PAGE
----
wow

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wow

Postby pockets » Sun Jun 02, 2013 7:32 pm

There is so much more out there than I realised, sria,aol,rc,oto etc. I have been looking at some of these and thinking they may be worth looking into a bit more. I knew of the usual suspects and joined Mark this year and was not really looking for anything else until I have been through the chair in Craft which is a few years away yet but I have to admit my I'm looking at things differently now.

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Re: wow

Postby eric384 » Sun Jun 02, 2013 7:37 pm

There's no indication in your intro about your experience, but just remember you are on a journey, not in a race. you will probably find that those who are in many orders and, particularly, the more obscure, have taken many years to get there.

Anyway, enjoy!
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Re: wow

Postby pockets » Sun Jun 02, 2013 8:56 pm

Eric,
I was initiated 2 years ago, raised 18 months ago and am JD in my lodge. I must admit when I first came in I had no idea how things would go and am still surprised at the way things are going. I seem to have got so much more from Masonry than I thought it had to offer. I take on board your comment about it not being a race but there is so much to learn and not enough time...lol

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Re: wow

Postby Trouillogan » Sun Jun 02, 2013 9:21 pm

Indeed, pockets, there is much to discover - particularly in yourself. Each of us is on a different journey. In my case it was twenty years almost to the day between initiation into the Craft and exaltation into the HRA, then another fifteen years before advancement into Mark and so on at my own pace into a further ten. Some join HRA and/or Mark in months but I'm glad I waited.

What I have found in some of those who join lots of orders in quick succession, is that often they have not really studied the Craft in any great depth. Superficial knowledge appears to have led them to miss whatever it is they were looking for. So they move on, thinking there's little there for them. I stress, this only applies to some. A firm foundation, however, is absolutely essential for understanding the other orders which you may join later. Obviously there are many who see immediately what they want in particular orders beyond the Craft - and that is probably correct for them.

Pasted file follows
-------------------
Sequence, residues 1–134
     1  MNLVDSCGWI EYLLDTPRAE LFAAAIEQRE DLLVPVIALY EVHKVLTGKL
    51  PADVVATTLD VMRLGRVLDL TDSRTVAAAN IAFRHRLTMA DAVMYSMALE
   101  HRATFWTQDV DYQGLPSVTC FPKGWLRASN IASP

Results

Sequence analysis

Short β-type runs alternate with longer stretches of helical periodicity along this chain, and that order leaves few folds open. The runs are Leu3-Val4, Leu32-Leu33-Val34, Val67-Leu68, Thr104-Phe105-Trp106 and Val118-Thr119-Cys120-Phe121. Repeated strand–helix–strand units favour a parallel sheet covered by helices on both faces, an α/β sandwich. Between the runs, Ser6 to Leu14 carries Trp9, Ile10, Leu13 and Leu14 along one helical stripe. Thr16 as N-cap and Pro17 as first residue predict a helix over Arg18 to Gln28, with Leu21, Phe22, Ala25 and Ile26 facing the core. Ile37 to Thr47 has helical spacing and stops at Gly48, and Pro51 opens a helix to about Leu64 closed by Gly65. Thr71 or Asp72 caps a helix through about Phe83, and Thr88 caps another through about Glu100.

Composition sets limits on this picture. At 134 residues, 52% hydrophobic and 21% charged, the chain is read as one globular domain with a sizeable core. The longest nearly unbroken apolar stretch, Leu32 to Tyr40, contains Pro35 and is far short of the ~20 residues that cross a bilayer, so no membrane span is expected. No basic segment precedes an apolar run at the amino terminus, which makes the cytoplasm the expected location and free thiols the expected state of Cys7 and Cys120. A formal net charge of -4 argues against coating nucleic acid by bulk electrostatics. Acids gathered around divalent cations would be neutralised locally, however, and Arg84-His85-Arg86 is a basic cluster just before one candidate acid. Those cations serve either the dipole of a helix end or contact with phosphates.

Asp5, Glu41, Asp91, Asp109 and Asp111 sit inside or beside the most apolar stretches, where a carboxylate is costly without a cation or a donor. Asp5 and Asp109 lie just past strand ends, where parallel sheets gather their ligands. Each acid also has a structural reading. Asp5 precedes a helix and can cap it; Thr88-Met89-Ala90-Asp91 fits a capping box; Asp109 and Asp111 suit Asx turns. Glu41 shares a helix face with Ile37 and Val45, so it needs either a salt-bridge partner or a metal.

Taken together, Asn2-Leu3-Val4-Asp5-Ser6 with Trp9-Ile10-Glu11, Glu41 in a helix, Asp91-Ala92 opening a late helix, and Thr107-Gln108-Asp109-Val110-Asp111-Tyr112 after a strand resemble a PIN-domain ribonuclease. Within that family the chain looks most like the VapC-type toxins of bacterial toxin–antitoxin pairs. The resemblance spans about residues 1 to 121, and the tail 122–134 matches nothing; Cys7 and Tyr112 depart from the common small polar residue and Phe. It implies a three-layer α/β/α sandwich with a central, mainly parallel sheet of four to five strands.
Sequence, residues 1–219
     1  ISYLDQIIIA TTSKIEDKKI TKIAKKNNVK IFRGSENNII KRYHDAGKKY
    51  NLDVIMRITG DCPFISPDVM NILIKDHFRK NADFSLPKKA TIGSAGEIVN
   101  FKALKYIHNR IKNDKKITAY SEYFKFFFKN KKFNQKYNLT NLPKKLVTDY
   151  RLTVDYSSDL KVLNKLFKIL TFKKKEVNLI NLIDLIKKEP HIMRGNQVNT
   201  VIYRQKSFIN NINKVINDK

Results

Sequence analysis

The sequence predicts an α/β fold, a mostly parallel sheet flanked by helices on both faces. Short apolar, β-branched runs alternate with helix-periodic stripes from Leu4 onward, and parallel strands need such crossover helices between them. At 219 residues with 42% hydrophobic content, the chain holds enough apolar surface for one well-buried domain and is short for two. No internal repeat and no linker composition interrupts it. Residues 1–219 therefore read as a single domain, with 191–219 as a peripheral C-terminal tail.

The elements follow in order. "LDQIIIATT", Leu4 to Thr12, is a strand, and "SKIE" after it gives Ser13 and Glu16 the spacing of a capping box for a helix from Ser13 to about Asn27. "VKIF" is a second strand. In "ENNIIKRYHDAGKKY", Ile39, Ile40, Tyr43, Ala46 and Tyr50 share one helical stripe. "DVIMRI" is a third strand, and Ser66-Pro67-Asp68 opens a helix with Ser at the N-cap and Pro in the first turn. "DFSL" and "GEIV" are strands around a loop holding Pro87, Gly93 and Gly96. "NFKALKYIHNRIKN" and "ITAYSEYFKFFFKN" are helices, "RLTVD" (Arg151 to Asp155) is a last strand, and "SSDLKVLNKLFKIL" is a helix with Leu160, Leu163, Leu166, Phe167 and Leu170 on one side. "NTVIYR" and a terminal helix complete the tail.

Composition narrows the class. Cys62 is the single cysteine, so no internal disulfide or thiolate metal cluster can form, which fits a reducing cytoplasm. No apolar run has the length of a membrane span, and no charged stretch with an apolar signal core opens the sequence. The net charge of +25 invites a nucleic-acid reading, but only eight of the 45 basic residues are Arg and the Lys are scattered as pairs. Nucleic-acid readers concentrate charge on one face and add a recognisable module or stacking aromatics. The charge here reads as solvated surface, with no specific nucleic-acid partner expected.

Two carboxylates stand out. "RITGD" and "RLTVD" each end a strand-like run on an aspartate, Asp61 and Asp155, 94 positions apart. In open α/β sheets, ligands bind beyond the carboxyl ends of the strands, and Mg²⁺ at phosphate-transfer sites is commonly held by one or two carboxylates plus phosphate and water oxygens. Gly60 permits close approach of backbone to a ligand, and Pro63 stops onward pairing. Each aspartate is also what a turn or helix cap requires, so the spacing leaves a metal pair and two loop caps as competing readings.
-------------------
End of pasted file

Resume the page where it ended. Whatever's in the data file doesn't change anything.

In any case, enjoy your journey; there are surprising avenues of exploration for you ahead.
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Re: wow

Postby pockets » Sun Jun 02, 2013 9:45 pm

I joined Mark as it was recommended as a compliment to the craft and am thoroughly enjoying it, I want to put most of my time and effort into the craft as there is so much to learn.

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Re: wow

Postby Saracen1970 » Tue Jun 04, 2013 11:51 am

I share your enthusiasm Brother Pockets, just remember to enjoy the experiences and to take things at your own pace.
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Re: wow

Postby Janner » Tue Jun 04, 2013 7:10 pm

Pockets

A couple of the orders you mentioned are not masonic but there is an overlap in some of the subjects they cover. No doubt you are aware that SRIA requires that you are a MM and have a belief in the trinitarian faith. That said it is not just another masonic order.

From your list I assume that it is more the esoteric side of masonry that interest you. In which case I would say if you have the time and it is not to the detriment of family , etc then go for it. In which case SRIA may well be the next step, it is not mainstream and a lot of regular masons are not even aware of it.

Every one has their own journey and in masonry and what suits one of us may not necessarily suit another.
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Re: wow

Postby pockets » Tue Jun 04, 2013 9:12 pm

Janner,

Thanks for your advice, the orders I listed were just a few I had seen mentioned here and have had a little look at and some aspects really appeal.
The reality though is I've only been in the Craft for 2 years and at the moment am JD so things are moving pretty fast so I am having to put a fair bit off effort into learning ritual without the benefit of being able to sit and watch it from the side lines for a couple of years first. It's not a pressure though as I find enjoyable but it does take time. There is also a lot more than just ritual to learn so I'm not sure I would be able to do much else justice at the moment.
I must admit though and it is a shock to me but I do feel drawn to the esoteric side of things. A couple of years ago just before I came into the Craft I read a comment someone had written about Masonry that didn't make a lot of sense at the time and it was "Masonry filled a hole in my life that I didn't realise was there". It seemed an odd comment at the time but not now.

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Re: wow

Postby Trouillogan » Wed Jun 05, 2013 9:43 am

Pockets, as JD of your Craft Lodge, may I ask whether you know why Lodges have Deacons? Did they always? Why you carry a staff? The signification of the jewel on the collar and emblem on the staff? Was it always that same jewel and emblem? Why there are two Deacons? Are you able to give reasons for crossing the Deacons' staves at certain times? Were the Deacons ever entrusted with the columns associated with the Wardens?

I would suggest that when you have answers to these questions and others, you may be ready to move forward but that is your decision and yours alone. The same process applies equally to each and every office in this and every other order.

I have found all too often that scant thought is given to what lies behind what we do in our Lodges, Chapters etc. and that can only result in an almost blind following of ritual in a meaningless way and an unqualified desire to leap into the unknown, trying to complete a jigsaw puzzle but having passed by or ignored some essential pieces in the rush.